“It is a boon for everyone when a crew comes to town to eat, sleep and make movies.”
Despite economic growth and pressure from both sides of the aisle, Christie repeatedly vetoed efforts to reinstate the state’s film tax credit program, Assemblyman John Burzichelli (D-West Deptford) said.
“Numerous times, the Legislature sent bills to Christie’s desk asking him to reconsider, because we very clearly saw a demonstrated loss of business, particularly in the northern part of the state, and were simply not competitive with New York,” Burzichelli said.
Burzichelli, who converted a former 1930s movie theatre in Paulsboro into a small industrial- and commercial-focused scenic studio called Hill Theatre Studio, said this was rather frustrating.
“His administration just did not see the value, despite the persistent and persuasive evidence that it was to our (economic) benefit,” he said.
The result? Longtime shows such as “Law & Order: Special Victims Unit” and “America’s Got Talent” left, to instead directly benefit New York City. Even “Boardwalk Empire,” which repeatedly asked to film in Asbury Park, left for Coney Island to spend $300 million in three years.
“Imagine if someone went to Asbury Park today and spent $300 million,” Burzichelli said. “All that money would have gone toward the creation of a film studio, the local municipality for police and fire, location fees and rental spaces, construction materials for sets — it would have been astounding.”
New Jersey hasn’t been totally forgotten.
Television shows such as “Elementary” and “The Sopranos,” as well as films such as “The Dark Knight Rises,” “War of the Worlds” and “The Wolf of Wall Street,” all have filmed a few scenes in the state.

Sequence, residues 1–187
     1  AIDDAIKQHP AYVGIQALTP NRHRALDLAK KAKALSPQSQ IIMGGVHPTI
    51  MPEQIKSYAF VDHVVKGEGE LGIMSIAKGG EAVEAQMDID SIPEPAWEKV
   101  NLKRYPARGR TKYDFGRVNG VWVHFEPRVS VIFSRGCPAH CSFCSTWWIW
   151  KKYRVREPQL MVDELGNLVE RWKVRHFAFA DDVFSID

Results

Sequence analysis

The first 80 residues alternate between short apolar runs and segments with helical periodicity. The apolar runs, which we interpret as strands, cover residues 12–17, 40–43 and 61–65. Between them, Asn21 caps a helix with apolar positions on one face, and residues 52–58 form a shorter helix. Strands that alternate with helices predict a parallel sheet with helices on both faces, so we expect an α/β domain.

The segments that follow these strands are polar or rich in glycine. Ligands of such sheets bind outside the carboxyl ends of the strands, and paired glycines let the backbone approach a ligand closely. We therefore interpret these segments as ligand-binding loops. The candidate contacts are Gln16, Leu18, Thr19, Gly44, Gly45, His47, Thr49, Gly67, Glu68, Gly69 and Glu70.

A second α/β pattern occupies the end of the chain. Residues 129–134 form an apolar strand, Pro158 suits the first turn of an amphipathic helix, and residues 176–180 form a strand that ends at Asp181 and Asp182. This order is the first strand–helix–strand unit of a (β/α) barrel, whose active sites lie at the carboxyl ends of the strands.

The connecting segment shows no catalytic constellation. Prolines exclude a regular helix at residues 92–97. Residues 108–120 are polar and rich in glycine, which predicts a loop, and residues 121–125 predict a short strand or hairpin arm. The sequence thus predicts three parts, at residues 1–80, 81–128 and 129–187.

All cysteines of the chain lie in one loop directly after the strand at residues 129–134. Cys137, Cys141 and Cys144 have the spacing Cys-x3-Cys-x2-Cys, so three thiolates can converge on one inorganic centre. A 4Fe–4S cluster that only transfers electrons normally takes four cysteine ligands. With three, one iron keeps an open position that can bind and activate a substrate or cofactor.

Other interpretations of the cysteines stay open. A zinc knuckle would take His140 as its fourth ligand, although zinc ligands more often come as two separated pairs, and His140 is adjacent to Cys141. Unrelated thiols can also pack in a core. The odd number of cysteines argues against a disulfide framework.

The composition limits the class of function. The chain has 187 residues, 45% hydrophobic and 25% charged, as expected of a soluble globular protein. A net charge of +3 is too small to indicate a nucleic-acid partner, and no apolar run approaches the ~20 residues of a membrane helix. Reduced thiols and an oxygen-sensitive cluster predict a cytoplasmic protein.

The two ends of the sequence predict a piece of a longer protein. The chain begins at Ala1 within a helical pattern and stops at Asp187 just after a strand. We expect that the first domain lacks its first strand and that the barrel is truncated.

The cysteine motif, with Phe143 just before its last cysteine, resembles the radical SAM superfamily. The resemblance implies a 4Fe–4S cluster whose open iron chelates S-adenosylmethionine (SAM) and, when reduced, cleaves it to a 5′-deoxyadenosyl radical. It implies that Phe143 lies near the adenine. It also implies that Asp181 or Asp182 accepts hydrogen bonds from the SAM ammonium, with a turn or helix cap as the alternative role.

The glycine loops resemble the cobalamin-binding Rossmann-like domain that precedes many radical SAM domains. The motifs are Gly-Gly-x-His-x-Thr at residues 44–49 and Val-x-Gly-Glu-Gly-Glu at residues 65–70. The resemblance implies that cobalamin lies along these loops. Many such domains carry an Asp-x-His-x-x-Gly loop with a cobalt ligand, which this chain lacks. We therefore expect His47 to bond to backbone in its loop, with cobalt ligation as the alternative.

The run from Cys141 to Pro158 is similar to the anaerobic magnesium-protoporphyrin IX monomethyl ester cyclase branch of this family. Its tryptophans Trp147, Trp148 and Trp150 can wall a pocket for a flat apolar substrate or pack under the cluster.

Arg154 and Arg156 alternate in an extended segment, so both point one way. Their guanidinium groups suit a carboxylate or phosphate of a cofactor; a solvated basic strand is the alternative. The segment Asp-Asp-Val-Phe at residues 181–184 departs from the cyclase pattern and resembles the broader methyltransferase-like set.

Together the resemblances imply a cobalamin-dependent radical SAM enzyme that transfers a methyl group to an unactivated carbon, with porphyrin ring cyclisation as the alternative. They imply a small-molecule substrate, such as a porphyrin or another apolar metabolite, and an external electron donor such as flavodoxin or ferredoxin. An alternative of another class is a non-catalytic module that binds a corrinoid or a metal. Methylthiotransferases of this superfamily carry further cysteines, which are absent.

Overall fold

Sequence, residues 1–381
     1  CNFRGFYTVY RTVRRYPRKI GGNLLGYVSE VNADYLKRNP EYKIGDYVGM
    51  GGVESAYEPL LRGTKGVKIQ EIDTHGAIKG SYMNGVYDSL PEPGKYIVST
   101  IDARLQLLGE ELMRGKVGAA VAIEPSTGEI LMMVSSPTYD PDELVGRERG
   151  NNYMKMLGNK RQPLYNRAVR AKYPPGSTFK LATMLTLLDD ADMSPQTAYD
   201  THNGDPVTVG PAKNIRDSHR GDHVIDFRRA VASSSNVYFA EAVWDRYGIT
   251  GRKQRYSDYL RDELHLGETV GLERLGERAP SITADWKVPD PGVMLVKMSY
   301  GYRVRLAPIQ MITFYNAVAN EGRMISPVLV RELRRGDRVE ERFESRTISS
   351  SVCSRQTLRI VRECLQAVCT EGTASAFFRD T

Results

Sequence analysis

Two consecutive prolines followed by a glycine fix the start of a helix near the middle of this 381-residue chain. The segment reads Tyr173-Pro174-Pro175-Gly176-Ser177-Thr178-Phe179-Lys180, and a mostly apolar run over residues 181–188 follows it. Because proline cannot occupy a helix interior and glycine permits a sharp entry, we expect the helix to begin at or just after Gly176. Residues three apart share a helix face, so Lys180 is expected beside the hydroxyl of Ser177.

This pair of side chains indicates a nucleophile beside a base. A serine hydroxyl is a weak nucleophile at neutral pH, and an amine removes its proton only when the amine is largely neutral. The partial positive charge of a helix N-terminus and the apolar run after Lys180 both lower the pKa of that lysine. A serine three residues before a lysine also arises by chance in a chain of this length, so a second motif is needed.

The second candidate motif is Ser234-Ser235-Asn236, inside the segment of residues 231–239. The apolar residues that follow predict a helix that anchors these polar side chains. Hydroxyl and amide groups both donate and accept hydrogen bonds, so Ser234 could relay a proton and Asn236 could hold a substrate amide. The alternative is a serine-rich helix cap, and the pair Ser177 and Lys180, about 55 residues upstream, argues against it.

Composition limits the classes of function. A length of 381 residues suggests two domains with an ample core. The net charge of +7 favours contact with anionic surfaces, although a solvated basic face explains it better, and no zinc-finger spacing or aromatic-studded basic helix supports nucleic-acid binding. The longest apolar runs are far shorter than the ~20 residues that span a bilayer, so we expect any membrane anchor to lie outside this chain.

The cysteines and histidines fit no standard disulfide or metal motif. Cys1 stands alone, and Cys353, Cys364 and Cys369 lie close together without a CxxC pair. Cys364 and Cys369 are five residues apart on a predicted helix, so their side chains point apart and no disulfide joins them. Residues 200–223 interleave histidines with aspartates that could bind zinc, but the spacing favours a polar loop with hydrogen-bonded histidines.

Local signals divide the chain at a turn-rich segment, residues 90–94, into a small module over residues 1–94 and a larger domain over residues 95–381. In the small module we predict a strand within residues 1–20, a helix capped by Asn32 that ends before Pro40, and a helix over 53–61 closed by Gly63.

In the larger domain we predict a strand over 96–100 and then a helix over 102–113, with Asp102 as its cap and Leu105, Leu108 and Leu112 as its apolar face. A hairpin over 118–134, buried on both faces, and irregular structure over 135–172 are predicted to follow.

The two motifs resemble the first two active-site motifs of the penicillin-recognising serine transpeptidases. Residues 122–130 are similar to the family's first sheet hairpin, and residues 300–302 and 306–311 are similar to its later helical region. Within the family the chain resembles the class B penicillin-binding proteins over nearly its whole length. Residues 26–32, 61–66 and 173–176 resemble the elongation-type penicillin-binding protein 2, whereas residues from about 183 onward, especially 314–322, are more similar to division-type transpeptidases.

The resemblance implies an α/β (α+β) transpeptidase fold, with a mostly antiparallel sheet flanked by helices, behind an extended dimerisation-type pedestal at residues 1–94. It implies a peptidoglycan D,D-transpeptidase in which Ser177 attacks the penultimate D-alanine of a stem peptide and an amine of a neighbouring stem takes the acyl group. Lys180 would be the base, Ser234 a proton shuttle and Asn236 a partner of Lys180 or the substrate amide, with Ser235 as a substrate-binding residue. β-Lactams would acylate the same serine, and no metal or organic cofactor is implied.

The losses, however, have been growing greater.
“Silver Linings Playbook,” starring Jennifer Lawrence and Bradley Cooper, is based on a novel written by Collingswood native Matthew Quick. It was filmed in Pennsylvania.
“Win, Win,” a film starring Paul Giamatti, is based on the life of Mike Flaherty, a high school wrestling coach and lawyer in New Providence. It was filmed in New York.
And “Rachel Getting Married,” starring Millburn native Anne Hathaway, filmed in Connecticut.
Wally Marzano-Lesnevich, a local screenwriter, producer and actor, said he especially is holding out hope that Murphy signs these incentives into law — and fast.
“Tax incentives especially will allow indie filmmakers, many with Jersey roots, to film in the Garden State when it is most appropriate for their stories,” Marzano-Lesnevich said.
Marzano-Lesnevich’s most recent feature film, “Almost Paris,” tells the story of a former banker who moves back in with his parents after losing his job amid the financial collapse of 2008.
The film, directed by Domenica Cameron-Scorsese (daughter of director Martin Scorsese), also stars Michael Sorvino (son of Paul Sorvino and brother of Mira Sorvino), who grew up and graduated with Marzano-Lesnevich from the Mason Gross School of the Arts at Rutgers University in New Brunswick.
Though the script was inspired by their adolescence in Tenafly, the filmmakers chose instead to film in Oyster Bay, New York, to keep down costs.
“We all would love to film in New Jersey, but tax credits make it that much more realistic to do so,” Marzano-Lesnevich said.
The lack of them, however, has not dissuaded him from trying. Marzano-Lesnevich said he currently is developing another film project with Open Iris Entertainment, a production company based in Montvale.
“Jersey filmmakers can help stimulate the local economy and, most importantly, put New Jersey back on the screen,” he said.